Last week, Research In Motion (Nasdaq: RIMM) announced it is acquiring some of the assets of DataViz and most of its employees. It's rumored that RIM paid the modest sum of less than $50 million, although they have not confirmed that. We believe that this is indeed a good acquisition for RIM, but also believe that the reports saying RIM acquired DataViz for its Documents To Go product got it mostly wrong.

There is no doubt that Documents To Go is a critical feature on RIM's devices, providing BlackBerry (BB) users with the important ability to edit Microsoft's (Nasdaq: MSFT) Microsoft Office documents. This is a vital productivity function for many enterprise users. Clearly, RIM wants to continue offering this capability on BlackBerry, and having ownership over the product is highly advantageous. But we believe that RIM has its strategic sights set on another key piece of DataViz's (DV) technology, which has gone largely unnoticed, and which has played a less prominent role in DV's overall business. That technology is its RoadSync secure mobile PIM product. And even if this wasn't RIM's primary intent in acquiring DV, we expect it to play prominently in RIM's future strategic planning.

With the acquisition of RoadSync, RIM gets a number of benefits. First, it gets a license for Microsoft's ActiveSync technology (DV was a strategic licensee). Although to some extent ActiveSync is a direct competitor to RIM's BES and NOC-based solution, it could nevertheless be a helpful technology to RIM. It could allow RIM to better integrate both BB and non-BB devices by modifying BES to act as a management platform for ActiveSync enabled devices. And it could allow the pass-through of many Exchange policies through critical products for RIM such as BES Express.

Next, RoadSync currently has clients for both Android and S60 devices (the OS powering most Nokia smartphones). Although it does not integrate with the native device email and calendaring, it does provide a secure and manageable alternative for the many companies that require more security than the base platform can provide. And it is being installed on tens of thousands of smartphone devices by OEMs (many Nokia devices ship with RoadSync installed).

RoadSync provides many of the enterprise capabilities that native Android do not support (e.g., encryption, device wipe, Exchange policy enforcement). By tying the back end of RoadSync into BES, RIM could enable the increasing number of mixed device shops a way to control, BB, Android and S60 devices all from the same console (albeit with more limited management capabilities for Android and S60 than BB).

RIM could build a solution with RoadSync that allows it to offer essentially a BB client on other devices (a modern upgrade of the BlackBerry Connect product of years past). This could be very attractive to Nokia, who needs a better way to connect to enterprise email and calendaring, and could present a way to boost the inferior security and manageability of Android devices while maintaining the BB foothold in the enterprise. This would also be attractive to the increasing number of enterprise shops supporting multiple platforms and increase the value of BES (and BB "stickiness"). And finally, RoadSync could present a good off-BB mobile client opportunity for RIM as it markets its own email platform (through its Alt-N Technology acquisition) to SMB.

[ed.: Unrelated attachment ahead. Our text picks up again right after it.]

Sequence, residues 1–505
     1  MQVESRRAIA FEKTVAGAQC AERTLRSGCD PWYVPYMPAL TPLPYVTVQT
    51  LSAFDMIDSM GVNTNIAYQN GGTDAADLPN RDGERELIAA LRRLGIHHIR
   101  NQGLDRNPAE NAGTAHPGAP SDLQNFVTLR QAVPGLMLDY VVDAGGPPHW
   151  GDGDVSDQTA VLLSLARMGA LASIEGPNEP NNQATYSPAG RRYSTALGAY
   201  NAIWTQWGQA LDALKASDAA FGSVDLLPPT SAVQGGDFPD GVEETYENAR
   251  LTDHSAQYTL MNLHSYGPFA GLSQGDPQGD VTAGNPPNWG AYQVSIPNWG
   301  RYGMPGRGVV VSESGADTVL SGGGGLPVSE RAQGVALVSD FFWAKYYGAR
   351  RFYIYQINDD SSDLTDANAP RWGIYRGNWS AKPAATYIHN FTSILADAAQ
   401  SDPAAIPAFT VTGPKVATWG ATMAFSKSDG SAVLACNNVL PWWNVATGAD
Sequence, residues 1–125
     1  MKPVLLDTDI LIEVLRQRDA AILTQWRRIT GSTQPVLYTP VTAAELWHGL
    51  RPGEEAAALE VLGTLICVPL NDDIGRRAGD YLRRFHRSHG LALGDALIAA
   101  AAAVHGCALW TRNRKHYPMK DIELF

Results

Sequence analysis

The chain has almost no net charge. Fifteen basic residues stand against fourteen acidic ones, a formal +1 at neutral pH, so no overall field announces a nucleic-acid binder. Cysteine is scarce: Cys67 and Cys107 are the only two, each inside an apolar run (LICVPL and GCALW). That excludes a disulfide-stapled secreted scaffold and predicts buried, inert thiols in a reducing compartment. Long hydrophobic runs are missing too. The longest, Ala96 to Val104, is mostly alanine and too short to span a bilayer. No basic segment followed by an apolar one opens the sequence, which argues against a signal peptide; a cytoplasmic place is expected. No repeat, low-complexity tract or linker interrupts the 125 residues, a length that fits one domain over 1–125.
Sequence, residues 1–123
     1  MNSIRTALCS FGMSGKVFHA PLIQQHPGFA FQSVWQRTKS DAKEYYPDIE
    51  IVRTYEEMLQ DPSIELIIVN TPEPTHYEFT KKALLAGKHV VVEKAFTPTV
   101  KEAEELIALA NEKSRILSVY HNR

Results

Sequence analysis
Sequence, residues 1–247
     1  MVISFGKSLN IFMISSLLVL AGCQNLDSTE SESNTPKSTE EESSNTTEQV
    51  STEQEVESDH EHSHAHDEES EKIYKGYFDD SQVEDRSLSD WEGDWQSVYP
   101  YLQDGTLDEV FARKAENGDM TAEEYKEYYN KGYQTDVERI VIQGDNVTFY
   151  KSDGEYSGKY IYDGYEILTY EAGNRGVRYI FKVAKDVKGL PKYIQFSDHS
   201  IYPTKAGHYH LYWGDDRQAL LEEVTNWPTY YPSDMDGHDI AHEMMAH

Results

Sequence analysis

A further scenario for RIM deploying DV technology includes creating a compelling, directly marketed to business users BB-like experience for Android and S60, thereby securing and managing platforms that aren't very secure or manageable. This might even be extended to iPhones. This has been a lucrative market niche for companies like Good Technology and Sybase that add special client-side apps to achieve enterprise-class capabilities. RoadSync with a direct connection to BES, could provide an off-BB platform experience similar to BB for the many companies that are diversifying their devices, and in direct competition to the above third-party solutions providers. Priced attractively, this could eliminate them from the market. It could also ensure BB stays compatible with the enterprise by allowing RIM to offer companies BES to control their non-BB devices, and making the deployment of future BBs easy.

Bottom Line: While there is no doubt DV's Documents to Go technology is key to RIM's long term success, it is not the only technology RIM gets with its acquisition, and longer term, it may not even be the most strategic. Unless RoadSync was not part of the package, we believe that this technology could be a key to keeping mixed device shops on the BB base and provide a way for RIM to fight back against its competitors' encroachment. Finally, it could allow RIM to essentially eliminate its third-party mobile email competitors.

More from ConceivablyTech:

Jack Gold is the founder and principal analyst at J.Gold Associates, an information technology analyst firm based in Northborough, Mass., covering the many aspects of business and consumer computing and emerging technologies.

Microsoft and Nokia are Motley Fool Inside Value picks. Motley Fool Options has recommended a diagonal call position on Microsoft. The Fool owns shares of Microsoft. Try any of our Foolish newsletter services free for 30 days. True to its name, The Motley Fool is made up of a motley assortment of writers and analysts, each with a unique perspective; sometimes we agree, sometimes we disagree, but we all believe in the power of learning from each other through our Foolish community. The Motley Fool has a disclosure policy.